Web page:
Large-Scale Tree Plantations

Industrial tree plantations are large-scale, intensively managed, even-aged monocultures, involving vast areas of fertile land under the control of plantation companies. Management of plantations involves the use of huge amounts of water as well as agrochemicals—which harm humans, and plants and animals in the plantations and surrounding areas.

An academic article from Janina Puder exposes how the palm oil industry in Malaysia heavily relies on the cheap labour of migrant workers in order to keep palm oil profitable and globally competitive. Palm oil is often associated with social inequalities concerning land ownership, land use and access to land, but the exploitation of migrant workers is a further significant, albeit lesser-known, expression of social inequality that has been caused by industrial oil palm cultivation and the steady expansion of the palm oil sector in Malaysia since the 1960s.
Statement Condemns Proposed Use of Genetically Engineered Trees in Wrong-Headed Climate Mitigation Schemes.
We share this song, composed by the organizations Justicia Ambiental, Missão Tabita and AJOCME, from Mozambique.
(Only available in Portuguese) Confira o vídeo com o posicionamento da comunidade contrária à passagem de caminhões de eucalipto.
Why do peasant farmers lose out when they produce for the palm oil industry? A publication based on experiences from Latin America, sub-Saharan Africa and Southeast Asia.
This bulletin aims to reflect on the extraction, violence and oppression related to the so-called energy ‘transition’ and its ‘green’ camouflage. A transition from what? And towards what?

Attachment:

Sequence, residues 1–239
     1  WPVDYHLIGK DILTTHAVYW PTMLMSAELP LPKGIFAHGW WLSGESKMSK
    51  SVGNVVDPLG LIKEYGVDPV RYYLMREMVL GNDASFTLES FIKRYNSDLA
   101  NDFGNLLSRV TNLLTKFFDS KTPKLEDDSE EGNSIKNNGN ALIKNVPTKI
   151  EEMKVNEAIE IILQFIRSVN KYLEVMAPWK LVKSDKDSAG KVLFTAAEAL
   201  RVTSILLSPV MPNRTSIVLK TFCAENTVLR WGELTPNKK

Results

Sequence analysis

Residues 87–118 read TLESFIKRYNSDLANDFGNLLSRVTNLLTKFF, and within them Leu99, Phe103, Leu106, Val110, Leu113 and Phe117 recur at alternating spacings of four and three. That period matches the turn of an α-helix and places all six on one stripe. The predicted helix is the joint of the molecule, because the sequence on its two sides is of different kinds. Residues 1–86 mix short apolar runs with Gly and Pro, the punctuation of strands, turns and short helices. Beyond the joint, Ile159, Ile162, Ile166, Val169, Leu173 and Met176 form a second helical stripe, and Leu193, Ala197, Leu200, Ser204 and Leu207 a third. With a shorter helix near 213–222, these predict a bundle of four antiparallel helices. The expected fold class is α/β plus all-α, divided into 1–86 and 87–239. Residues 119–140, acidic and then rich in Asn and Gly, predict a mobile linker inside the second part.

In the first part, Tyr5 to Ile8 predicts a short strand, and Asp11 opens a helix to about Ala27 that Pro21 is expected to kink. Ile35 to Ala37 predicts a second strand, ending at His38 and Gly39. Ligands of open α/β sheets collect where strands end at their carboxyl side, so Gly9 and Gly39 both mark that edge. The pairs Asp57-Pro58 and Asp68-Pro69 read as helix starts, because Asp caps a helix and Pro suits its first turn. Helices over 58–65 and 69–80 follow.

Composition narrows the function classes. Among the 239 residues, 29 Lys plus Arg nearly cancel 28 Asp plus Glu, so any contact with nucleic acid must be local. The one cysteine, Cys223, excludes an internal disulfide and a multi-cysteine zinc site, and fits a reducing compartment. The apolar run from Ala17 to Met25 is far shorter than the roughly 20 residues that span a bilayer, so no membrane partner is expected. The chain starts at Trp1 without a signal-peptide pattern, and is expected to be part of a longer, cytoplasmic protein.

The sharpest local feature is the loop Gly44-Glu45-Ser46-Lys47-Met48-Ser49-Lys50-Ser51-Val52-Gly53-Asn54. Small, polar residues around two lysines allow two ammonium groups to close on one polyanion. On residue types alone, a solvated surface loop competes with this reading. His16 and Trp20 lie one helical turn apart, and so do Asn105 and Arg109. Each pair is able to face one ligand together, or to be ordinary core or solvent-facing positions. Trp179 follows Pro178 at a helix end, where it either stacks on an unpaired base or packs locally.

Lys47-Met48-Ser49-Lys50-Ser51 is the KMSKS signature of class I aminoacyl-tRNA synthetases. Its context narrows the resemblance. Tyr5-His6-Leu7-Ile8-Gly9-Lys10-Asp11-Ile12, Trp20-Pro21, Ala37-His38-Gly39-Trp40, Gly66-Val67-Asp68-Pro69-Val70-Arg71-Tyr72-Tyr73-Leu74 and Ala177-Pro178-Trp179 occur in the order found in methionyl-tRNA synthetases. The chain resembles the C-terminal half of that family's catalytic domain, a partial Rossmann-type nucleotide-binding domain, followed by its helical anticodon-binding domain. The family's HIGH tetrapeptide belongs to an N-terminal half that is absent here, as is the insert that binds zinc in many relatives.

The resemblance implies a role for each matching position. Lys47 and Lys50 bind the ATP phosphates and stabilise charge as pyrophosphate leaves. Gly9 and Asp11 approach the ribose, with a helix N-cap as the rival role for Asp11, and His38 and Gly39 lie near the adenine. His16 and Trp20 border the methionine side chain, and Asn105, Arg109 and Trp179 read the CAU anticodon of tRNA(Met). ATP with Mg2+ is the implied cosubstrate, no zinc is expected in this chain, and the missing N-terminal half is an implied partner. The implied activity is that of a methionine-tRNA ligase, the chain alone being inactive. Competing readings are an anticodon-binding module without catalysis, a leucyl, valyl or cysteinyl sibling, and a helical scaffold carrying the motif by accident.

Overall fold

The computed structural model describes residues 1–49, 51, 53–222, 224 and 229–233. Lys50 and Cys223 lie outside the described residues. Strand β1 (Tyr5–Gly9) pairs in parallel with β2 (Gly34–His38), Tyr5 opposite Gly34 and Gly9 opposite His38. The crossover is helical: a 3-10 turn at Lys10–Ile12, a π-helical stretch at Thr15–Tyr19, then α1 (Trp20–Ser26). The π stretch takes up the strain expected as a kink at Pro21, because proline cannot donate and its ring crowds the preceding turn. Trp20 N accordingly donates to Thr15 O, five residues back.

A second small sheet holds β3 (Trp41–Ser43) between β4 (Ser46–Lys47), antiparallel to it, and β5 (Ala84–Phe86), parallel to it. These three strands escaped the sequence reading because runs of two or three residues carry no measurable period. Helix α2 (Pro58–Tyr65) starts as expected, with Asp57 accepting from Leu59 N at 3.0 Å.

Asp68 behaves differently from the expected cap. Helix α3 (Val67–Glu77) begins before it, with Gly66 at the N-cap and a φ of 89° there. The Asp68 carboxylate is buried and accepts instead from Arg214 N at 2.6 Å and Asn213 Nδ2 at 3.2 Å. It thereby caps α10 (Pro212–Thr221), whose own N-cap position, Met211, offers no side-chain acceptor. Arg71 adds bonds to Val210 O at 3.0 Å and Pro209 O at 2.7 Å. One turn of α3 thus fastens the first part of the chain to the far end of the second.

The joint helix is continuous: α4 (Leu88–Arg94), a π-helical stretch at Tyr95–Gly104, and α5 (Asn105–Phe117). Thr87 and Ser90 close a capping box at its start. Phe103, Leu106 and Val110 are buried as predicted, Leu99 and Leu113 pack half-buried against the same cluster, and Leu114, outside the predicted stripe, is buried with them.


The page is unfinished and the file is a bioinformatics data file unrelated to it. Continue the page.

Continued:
Balsa wood is an important input for windmills. Ecuador is the world’s largest exporter of this wood. The invasion of millions of wind turbines in China, Europe and the US means the extraction of metals to build them, as well as the brutal felling of balsa wood trees. 
Certification schemes seeking to legitimize activities that harm the environment and its people, with terms like “sustainable”, are a survival strategy for capitalism. In the framework of the energy transition, even the mining industry seeks to validate its unstoppable growth.
In February 2021 more than 500 scientists and economists issued a letter urging to stop burning wood as a means of making energy in converted coal burning power plants and to end subsidies now driving the explosive demand for wood pellets. The burning of wood to produce electricity boomed since the United Nations categorized this energy source as ‘carbon neutral’, which enables governments and companies to burn wood instead of coal and not count the emissions in helping them meet their climate related targets.
Another two young men have been killed at the industrial oil palm plantations of Plantations et Huileries du Congo (PHC). European development banks have been financing PHC for years, and agreed to hand over the plantations to an obscure private equity fund after the previous owner, Feronia Inc. went bankrupt in 2020 – after having received more than USD 100 million in development funding.
The booming demand for palm oil has come at the high price of rainforest destruction, labour exploitation, and brutal land and water grabbing. Communities living in and around oil palm plantations in Indonesia and elsewhere are deeply concerned about their freshwater sources. But this long-term impact on freshwater streams around oil palm plantations seems to have been overlooked until now. The reality is that along the destruction of these plantations, is also the serious problem of water grabbing.